After deliberations the members present agreed to the suggestion that all powers that were being exercised by the Parliament over the Indian government would not be desirable to be handed over to India all at once and for that reason the foreign affairs and defence would remain in full charge of the governor-general for some time.

But Jinnah’s demand for separate electorate for the Muslims became breaking point. Jinnah also did not fail to raise his Fourteen Points as demands of the Indian Muslims. Ambedkar also demanded separate electorate for the backward classes. In any case, the absence of any representatives from the Congress had sealed the fate of the Conference. Ramsay MacDonald expressed hope that the Congress would in response to the invitation of the governor-general would attend the second session of the Round Table Conference.

The British government was almost compelled, under the circum­stances, to release Mahatma Gandhi. On his release Mahatma Gandhi entered into a Pact with Lord Irwin (1931) by which the government agreed to release all satyagrahis unconditionally except those who were involved in violent activities. Those satyagrahis whose properties had been confiscated were returned to them. An enquiry into the Police atriocites during the civil disobedience movement was to be held. Mahatma Gandhi agreed to suspend the civil disobedience movement and to attend the second session of the Round Table Conference.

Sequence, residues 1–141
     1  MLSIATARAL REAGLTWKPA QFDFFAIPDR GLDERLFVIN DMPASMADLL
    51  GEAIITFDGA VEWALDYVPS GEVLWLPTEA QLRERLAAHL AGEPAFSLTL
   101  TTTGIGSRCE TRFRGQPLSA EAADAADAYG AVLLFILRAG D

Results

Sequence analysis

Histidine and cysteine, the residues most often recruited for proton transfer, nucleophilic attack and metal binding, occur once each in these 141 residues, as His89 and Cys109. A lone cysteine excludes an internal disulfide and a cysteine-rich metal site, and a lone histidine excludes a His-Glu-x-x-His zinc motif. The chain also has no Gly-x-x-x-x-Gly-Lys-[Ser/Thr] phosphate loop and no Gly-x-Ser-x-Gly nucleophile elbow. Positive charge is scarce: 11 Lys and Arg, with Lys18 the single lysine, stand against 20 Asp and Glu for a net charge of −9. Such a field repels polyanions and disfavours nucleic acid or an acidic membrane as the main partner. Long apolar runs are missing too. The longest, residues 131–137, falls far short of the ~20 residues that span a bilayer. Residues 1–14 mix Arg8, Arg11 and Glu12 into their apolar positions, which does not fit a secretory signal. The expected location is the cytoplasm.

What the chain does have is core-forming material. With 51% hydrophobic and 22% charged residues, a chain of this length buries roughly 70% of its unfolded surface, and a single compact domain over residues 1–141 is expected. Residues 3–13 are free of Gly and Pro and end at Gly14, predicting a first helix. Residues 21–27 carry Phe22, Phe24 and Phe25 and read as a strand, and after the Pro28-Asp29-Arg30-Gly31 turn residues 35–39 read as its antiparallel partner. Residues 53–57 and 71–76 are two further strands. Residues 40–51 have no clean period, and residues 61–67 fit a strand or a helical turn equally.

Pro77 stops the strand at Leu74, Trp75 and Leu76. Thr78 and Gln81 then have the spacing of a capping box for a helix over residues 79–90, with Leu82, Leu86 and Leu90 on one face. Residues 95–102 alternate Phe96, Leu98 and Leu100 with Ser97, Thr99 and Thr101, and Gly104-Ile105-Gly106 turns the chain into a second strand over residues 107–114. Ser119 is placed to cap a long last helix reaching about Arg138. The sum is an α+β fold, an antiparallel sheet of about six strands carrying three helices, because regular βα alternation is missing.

Second Round Table Conference (1931):

In September 1931, the second session of the Round Table Conference was convened in .London which was also participated by the Congress through Mahatma Gandhi as its sole representative. In the meantime in England the Laobur government was replaced by a National govern­ment, and although Ramsay MacDonald was the Prime Minister the number of ministers from the Conservative Party was the largest. Samuel Hoare was the Secretary of State for India.

The main points of discussion of this session of the Conference were the federal form of government and separate electorate. Mahatma Gandhi demanded immediate establishment of responsible government both at the Centre and the Provinces. The governments both at the Centre and the Provinces were to be run by Indian elected representatives res­ponsible to elected legislatures. He also made it clear that there was no necessity for keeping any special powers in the hands of the governor-general.